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JOSEF BREITENBACH: Photographien

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JOSEF BREITENBACH: Photographien
JOSEF BREITENBACH: Photographien
Immisch, T.O. et al

Schirmer/Mosel, 1996. 231 pp., 268 b&w illustrations. Large 4to, cloth. A survey of this German photographer's work from the 1930s through the 1950s; nudes, portraits, and landscapes are prominently featured. Text in German.

This volume offers a fresh insight into the work of the German-American photographer Josef Breitenbach (1896-1984). Breitenbach had a distinguished career in the United States as a teacher and contributor to magazines like Time, Fortune, and Harper's Bazaar, but the powerful body of work he produced before leaving Europe in 1941 remained hidden until his death.

Breitenbach began taking photographs while travelling as a wine merchant with his family's firm in the 1920s. He established a successful portrait studio in his native Munich in 1932, but as a Jew involved in left-wing politics, was forced to flee to Paris when the Nazis came to power in 1933. In France he exhibited regularly with photographers like Man Ray, Georges Brassaď and André Kertész, and his experimentation with printing techniques and colour manipulation brought him into contact with the Surrealists.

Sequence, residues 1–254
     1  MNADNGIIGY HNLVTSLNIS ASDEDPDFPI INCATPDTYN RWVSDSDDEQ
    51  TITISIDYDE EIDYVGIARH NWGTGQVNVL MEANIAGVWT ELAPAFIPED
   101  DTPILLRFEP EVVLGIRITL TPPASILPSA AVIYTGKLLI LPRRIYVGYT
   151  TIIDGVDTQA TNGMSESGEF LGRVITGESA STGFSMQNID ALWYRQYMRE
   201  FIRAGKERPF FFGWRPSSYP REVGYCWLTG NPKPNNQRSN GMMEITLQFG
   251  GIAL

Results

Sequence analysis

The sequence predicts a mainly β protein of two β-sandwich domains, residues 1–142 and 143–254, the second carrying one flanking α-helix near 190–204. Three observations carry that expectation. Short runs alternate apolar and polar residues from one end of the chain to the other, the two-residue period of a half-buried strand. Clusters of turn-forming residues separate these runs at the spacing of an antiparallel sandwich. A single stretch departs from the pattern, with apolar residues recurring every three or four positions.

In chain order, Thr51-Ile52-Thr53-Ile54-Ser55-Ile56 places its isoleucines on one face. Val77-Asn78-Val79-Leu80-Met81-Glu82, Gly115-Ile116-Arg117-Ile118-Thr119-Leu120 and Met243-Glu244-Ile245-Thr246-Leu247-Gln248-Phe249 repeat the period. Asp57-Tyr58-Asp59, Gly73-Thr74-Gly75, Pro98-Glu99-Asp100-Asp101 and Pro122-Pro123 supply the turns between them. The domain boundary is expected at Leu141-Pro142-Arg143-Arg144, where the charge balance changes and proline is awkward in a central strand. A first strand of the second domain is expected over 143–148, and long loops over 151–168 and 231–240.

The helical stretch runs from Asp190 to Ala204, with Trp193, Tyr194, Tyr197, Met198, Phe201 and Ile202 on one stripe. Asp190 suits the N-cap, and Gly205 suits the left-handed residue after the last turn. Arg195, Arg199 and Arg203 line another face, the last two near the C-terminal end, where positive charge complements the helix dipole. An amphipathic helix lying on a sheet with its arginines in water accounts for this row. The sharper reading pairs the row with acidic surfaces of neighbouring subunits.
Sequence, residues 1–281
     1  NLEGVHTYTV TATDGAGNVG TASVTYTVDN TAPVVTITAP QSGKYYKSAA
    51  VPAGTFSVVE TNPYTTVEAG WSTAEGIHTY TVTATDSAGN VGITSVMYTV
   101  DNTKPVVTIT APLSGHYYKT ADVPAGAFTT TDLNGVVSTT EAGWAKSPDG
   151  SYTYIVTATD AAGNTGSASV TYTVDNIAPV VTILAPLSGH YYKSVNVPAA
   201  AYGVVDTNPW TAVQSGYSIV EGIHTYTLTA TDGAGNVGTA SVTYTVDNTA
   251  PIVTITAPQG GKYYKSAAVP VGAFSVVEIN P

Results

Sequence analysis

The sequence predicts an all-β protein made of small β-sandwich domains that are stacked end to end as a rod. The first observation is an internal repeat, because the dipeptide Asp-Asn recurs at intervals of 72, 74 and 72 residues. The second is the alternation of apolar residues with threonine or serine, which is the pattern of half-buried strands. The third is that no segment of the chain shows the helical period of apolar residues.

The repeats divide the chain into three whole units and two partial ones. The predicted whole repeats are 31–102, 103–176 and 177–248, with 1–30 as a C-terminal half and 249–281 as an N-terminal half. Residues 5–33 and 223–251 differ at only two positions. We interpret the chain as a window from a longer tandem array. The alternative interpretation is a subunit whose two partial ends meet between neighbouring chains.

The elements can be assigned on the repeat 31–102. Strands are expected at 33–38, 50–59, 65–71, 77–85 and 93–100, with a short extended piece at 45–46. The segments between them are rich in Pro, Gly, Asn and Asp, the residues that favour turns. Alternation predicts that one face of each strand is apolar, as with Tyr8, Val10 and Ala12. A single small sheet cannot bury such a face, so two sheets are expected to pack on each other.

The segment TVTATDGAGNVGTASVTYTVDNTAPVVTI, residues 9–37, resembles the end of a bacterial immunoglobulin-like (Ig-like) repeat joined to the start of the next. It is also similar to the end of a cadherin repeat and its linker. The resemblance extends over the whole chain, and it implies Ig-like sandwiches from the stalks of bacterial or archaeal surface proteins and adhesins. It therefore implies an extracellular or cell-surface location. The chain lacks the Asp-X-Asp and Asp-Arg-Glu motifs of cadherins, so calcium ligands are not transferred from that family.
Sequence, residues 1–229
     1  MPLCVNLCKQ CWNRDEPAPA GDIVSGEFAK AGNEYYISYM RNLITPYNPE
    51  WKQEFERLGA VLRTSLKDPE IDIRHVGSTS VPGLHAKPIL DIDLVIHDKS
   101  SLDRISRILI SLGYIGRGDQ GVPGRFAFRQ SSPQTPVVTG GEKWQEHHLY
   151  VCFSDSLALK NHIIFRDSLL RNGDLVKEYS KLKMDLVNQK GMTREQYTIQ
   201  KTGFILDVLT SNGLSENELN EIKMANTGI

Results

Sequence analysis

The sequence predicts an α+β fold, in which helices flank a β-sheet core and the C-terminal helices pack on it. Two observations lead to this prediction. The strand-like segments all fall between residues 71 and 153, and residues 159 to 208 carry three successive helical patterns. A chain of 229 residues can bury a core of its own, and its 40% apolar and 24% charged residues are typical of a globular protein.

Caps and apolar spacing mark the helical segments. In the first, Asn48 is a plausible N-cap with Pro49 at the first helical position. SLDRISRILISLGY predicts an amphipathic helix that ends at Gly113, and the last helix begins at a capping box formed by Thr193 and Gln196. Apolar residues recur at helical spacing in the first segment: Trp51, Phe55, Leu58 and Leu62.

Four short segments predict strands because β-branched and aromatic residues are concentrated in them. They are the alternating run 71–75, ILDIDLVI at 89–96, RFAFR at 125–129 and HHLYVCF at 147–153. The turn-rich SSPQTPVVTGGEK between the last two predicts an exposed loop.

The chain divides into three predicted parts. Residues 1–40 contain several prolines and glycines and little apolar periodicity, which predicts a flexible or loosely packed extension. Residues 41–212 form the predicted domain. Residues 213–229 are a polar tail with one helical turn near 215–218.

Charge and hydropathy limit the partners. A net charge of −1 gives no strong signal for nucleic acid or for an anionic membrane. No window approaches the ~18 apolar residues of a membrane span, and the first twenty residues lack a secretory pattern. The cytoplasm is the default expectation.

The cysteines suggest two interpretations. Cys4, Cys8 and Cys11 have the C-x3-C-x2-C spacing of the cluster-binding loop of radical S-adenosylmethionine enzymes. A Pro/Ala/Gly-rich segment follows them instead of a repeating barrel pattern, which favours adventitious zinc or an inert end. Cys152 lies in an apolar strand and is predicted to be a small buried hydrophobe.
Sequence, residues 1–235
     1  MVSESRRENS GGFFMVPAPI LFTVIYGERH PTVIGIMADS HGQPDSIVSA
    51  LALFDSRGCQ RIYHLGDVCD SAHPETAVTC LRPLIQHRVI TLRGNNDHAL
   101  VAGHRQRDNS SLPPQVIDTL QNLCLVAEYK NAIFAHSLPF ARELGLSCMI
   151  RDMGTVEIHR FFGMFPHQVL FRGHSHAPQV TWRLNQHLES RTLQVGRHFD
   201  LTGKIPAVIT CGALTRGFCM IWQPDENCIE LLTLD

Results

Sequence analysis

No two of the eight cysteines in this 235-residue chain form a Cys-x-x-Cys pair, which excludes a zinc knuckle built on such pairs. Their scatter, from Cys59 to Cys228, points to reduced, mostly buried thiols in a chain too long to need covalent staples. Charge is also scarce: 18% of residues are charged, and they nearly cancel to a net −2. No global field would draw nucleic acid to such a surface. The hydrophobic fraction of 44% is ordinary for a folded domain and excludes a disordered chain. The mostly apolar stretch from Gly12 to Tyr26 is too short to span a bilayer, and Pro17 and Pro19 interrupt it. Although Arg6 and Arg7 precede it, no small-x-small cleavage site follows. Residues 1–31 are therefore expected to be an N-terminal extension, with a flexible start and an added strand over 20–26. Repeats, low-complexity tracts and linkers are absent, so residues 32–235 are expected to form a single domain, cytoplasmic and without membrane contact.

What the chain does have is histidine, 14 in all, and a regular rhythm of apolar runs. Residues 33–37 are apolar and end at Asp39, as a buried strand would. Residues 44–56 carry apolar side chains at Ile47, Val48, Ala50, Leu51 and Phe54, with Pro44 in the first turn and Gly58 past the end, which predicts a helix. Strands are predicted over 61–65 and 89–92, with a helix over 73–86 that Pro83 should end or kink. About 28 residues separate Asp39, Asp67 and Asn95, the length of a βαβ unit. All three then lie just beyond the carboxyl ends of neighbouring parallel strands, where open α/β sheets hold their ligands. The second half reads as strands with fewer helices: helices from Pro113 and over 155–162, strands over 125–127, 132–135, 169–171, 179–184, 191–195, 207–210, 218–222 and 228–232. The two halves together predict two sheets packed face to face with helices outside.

Breitenbach’s penetrating photographs of his Parisian circle include definitive portraits of the writers James Joyce and Bertold Brecht. His famous and haunting photograph of Brecht was made in a patch of lamplight outside a theatre in Montparnasse.

After a period of internment in 1940, Breitenbach fled occupied France for the United States, where he quickly established himself as a commercial photographer and teacher. Though he continued to photograph artists like Ernst, Lionel Feininger and Josef Albers, his early work remained unseen until it was rediscovered during a routine appraisal of his estate in 1984. Today, the importance of these remarkably fresh and vital images is increasingly recognised by curators, critics and collectors.



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